A reason to choose D over Go

Laeeth Isharc via Digitalmars-d digitalmars-d at puremagic.com
Wed Mar 25 10:27:24 PDT 2015

On Wednesday, 25 March 2015 at 17:21:43 UTC, Laeeth Isharc wrote:
>> I earn my pay with Java development. In my spare time I learn 
>> some Scala hoping there might be some work for me with Scala 
>> in the future. Then I need to become familiar with all kinds 
>> of new frameworks, tools, libraries and systems that continue 
>> to pop up every year in the JVM eco system.
>> In the end there is not much time left for playing with a 
>> "systems language". As Go is very effortless it could be a 
>> good compromise here. I have thrown it away and refetched it 
>> due to lack of alternatives several times. I would like to 
>> play with D, but it has as step a learning curve as Scala. If 
>> you don't have a background in C or C++ the learning curve is 
>> even steeper. So it depends a lot from where you are coming.
> I have never used Scala, never written in C++, and haven't done 
> much C programming in about twenty years (and only occasional 
> VBA for Excel programming in between).  I don't learn as 
> quickly today as when a child.  But I was able to learn enough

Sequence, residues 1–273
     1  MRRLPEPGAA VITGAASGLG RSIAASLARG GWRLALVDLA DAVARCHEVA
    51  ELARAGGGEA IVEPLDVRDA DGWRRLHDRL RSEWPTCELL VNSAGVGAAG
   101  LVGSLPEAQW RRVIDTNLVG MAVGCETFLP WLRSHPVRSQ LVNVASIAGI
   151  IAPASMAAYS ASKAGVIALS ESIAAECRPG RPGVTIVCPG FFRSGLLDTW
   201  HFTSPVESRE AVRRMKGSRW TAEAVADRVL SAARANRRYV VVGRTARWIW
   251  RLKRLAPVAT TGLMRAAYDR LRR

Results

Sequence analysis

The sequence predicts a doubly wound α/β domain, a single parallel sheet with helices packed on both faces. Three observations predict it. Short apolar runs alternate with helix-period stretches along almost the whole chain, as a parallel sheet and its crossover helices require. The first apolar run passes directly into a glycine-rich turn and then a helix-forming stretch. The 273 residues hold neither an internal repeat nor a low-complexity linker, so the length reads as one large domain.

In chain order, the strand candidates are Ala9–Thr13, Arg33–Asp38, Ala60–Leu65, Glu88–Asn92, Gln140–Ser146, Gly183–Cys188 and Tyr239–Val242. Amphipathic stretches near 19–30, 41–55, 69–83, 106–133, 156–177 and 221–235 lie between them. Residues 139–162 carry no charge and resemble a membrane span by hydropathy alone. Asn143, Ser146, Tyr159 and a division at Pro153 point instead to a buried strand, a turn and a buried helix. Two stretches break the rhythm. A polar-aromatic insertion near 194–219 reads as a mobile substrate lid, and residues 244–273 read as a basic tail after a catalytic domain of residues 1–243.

> D to be productive in my domain in a few months, and found it 
> easier to learn than Python.  So I haven't personally found the 
> learning curve to be steep in the sense of learning enough to 
> be reasonably productive.  The metaprogramming perhaps, but you 
> can do a lot without being a ninja there if your orientation is 
> just being able to solve the problems you have in a small to 
> medium project.
> Laeeth

There is something about languages that is very personal, though. 
  D just seemed right aesthetically.  One is going to find it 
easier to become an expert on a composer - say Beethoven, if he 
speaks to something in your soul, than if you simply can't stand 
his music.  (And there are many gradations in between).  It is an 
unfashionable perspective, but I think this is true of 
programmimg languages too.  People have different aesthetic and 
emotional organisations, and the appeal of different languages 
will not be the same to every person, holding ability constant.

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